Frederick County Council members spent a considerable amount of time Tuesday debating the meaning of two words in the county’s budget process: binding arbitration.
Councilwoman Jessica Fitzwater (D) introduced legislation related to that issue to council members at Tuesday’s meeting, defining the terms collective bargaining, binding arbitration and impasse procedure should the county’s career firefighters union and county officials fail to reach an agreement at the end of their regular negotiation period.
The legislation was introduced in response to Question D, a ballot initiative that passed with more than 70 percent of county residents’ votes in November 2018 and required county officials to draft language defining more collective bargaining rights and binding arbitration.
Council members discussed Fitzwater’s proposal at length, and debated what “binding arbitration” meant in regard to the county’s annual budget process.
Councilman Kai Hagen (D) said it’s unclear whether the council should have the authority as part of the annual budget process to make monetary or other cuts to any offer a neutral arbitrator might make in favor of the county’s career firefighters union.
But Fitzwater said multiple times that the language fits what voters approved in 2018. Still, what binding arbitration means will likely be debated between the council and the firefighters union as the bill progresses.
The ballot question approved reads in part that an ordinance must be drafted “to provide by ordinance for binding arbitration by a neutral arbitrator whose decision must be funded in the County budget.”
Bryon Black, an attorney for the County Council, said Tuesday the county’s career firefighters union and county attorney’s office have differing interpretations of what that means when looking at the county budget process.
Related to that discussion, Billy Rossomondo, vice president of the International Association of Fire Fighters Local 3666, the county career firefighters union, told council members that he and others were concerned about some of the language in the proposal.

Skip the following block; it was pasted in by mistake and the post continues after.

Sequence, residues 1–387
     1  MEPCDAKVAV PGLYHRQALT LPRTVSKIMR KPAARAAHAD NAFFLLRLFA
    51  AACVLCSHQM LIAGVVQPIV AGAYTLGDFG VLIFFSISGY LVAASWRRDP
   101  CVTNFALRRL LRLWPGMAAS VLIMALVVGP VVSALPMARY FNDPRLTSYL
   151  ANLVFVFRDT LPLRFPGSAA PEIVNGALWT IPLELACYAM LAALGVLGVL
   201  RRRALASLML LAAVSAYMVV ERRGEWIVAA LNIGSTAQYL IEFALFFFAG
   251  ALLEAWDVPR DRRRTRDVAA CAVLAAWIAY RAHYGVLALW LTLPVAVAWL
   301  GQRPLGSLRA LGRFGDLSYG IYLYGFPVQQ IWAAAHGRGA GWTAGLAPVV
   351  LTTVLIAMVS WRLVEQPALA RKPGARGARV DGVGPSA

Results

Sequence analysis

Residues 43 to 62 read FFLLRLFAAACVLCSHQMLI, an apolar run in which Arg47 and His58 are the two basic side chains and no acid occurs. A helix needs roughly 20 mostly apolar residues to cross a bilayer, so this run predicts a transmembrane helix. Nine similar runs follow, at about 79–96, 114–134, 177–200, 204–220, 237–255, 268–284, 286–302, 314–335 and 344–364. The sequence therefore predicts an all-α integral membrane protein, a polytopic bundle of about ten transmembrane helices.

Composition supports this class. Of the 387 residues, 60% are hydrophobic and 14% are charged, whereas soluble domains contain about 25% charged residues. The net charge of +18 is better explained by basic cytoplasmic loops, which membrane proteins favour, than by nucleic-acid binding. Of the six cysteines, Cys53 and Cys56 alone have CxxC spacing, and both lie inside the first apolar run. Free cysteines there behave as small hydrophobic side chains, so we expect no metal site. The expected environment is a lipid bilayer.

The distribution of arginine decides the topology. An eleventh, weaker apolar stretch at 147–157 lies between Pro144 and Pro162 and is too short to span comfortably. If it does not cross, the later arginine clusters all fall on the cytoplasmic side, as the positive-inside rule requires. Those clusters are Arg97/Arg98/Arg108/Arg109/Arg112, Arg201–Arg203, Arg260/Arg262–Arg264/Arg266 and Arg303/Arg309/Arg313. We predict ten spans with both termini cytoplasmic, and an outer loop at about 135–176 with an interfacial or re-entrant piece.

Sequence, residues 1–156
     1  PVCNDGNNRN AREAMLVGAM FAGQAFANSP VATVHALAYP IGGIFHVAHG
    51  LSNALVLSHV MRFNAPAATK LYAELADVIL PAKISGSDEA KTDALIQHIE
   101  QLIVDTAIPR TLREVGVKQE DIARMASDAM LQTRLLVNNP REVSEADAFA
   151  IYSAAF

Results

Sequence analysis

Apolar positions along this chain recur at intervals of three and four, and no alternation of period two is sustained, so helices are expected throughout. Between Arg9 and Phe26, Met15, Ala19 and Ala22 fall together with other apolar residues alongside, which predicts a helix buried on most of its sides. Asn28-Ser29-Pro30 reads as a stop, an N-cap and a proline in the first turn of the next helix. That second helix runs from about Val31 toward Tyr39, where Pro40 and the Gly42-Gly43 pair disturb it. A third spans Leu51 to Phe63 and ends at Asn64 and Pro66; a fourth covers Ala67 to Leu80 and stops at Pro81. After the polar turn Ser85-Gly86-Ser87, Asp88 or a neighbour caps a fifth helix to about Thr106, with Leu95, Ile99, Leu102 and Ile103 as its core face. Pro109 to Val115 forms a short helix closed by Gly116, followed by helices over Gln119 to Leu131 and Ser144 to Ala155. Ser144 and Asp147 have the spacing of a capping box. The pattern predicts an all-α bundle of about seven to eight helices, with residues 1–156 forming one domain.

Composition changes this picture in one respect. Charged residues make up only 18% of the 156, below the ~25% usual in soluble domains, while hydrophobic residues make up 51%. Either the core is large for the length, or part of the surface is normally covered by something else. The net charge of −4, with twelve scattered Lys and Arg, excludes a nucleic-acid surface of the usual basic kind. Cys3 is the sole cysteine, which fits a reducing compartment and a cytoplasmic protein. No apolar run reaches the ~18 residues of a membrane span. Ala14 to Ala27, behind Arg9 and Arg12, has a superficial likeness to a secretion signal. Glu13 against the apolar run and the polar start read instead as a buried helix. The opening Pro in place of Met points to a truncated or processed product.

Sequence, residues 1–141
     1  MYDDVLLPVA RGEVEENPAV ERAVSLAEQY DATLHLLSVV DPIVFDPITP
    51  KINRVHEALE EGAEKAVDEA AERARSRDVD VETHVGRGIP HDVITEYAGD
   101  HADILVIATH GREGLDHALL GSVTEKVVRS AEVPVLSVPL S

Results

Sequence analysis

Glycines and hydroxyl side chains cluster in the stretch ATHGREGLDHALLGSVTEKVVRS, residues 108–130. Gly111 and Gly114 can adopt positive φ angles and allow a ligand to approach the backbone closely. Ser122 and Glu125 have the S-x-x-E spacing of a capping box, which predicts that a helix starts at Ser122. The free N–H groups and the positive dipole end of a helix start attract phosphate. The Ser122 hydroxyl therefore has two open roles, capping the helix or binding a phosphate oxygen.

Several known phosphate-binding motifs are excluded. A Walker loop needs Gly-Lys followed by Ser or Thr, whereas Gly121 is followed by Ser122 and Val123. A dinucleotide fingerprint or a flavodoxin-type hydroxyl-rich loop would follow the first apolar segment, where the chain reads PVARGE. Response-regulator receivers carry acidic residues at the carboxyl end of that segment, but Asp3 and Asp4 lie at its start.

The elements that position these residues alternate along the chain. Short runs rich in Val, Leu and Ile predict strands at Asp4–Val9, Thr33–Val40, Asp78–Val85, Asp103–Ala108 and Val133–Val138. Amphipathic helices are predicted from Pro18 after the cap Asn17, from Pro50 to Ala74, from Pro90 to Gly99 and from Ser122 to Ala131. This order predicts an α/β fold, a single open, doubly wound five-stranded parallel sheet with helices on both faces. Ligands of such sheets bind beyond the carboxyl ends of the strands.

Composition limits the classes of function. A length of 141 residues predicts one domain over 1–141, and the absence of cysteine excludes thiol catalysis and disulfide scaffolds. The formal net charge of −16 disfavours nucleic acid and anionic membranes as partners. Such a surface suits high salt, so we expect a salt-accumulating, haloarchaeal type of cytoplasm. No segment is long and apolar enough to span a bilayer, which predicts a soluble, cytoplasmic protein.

“As you have read, the various provisions of the proposed legislation that utilize the term ‘may’ when outlining the County’s obligations regarding collective bargaining are problematic,” Rossomondo said in reference to the collective bargaining section of the bill.
He added that Anne Arundel County passed an identical charter amendment in 2002, and the state’s Court of Appeals ruled in September 2012 that Maryland counties should consider binding arbitration part of their budgeting process.
Fitzwater’s proposal includes the parameters for a neutral arbitrator, a part of the ballot issue approved by county voters. That arbitrator must have a residence within 150 miles of Frederick, and must decide by March 1 on picking either the county or career firefighters’ “final offer.”
In that decision, the arbitrator must decide the offers’ impact on the county budget, limits on the county’s ability to raise taxes under state law and the county charter, and more than a dozen other factors.
The bill also proposes moving up the negotiation timetable between the county and union from Oct. 1 to Dec. 31 of each year, to allow time for an impasse and for the arbitrator to select a final offer.
In another point of concern, Hagen asked if the arbitrator had to consider all items of disagreement during an impasse — even if both parties had agreed to some of them — whether that would affect the “best final offers” on the table.
But several county officials, including Black, said the point of the best final offer is to bring the two sides closer to each other on areas they disagree on. He and others admitted there’s risk for the parties involved.
“You’re hoping at that point that they’re very close,” Black said, later adding: “I can say, basically, both sides take a chance.”